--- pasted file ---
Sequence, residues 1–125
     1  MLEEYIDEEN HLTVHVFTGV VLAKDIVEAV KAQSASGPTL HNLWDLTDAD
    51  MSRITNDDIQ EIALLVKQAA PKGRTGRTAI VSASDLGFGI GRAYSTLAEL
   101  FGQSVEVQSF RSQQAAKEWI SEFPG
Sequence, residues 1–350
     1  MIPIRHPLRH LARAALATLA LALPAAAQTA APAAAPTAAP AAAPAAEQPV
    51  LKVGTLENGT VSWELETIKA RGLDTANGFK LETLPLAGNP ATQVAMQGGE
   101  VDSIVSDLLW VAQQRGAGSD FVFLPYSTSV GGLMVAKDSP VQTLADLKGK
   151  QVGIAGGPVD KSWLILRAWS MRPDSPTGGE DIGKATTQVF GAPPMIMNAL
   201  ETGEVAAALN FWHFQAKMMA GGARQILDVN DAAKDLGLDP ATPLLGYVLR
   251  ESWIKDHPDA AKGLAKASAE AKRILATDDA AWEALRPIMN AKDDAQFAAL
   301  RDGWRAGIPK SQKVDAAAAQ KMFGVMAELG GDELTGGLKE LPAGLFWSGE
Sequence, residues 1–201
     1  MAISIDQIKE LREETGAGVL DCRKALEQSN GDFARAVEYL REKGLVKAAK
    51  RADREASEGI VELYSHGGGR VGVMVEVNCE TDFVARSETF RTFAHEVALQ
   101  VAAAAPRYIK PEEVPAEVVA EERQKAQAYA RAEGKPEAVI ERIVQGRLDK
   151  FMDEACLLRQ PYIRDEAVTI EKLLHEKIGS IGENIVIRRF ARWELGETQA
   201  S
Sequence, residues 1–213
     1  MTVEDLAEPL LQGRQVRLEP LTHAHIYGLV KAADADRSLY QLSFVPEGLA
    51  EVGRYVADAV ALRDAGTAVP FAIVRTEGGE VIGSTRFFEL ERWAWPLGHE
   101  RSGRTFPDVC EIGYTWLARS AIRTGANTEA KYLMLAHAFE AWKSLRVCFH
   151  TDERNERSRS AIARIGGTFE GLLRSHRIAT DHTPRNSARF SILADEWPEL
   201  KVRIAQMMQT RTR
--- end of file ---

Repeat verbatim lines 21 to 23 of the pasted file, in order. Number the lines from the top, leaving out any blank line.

    51  EVGRYVADAV ALRDAGTAVP FAIVRTEGGE VIGSTRFFEL ERWAWPLGHE
   101  RSGRTFPDVC EIGYTWLARS AIRTGANTEA KYLMLAHAFE AWKSLRVCFH
   151  TDERNERSRS AIARIGGTFE GLLRSHRIAT DHTPRNSARF SILADEWPEL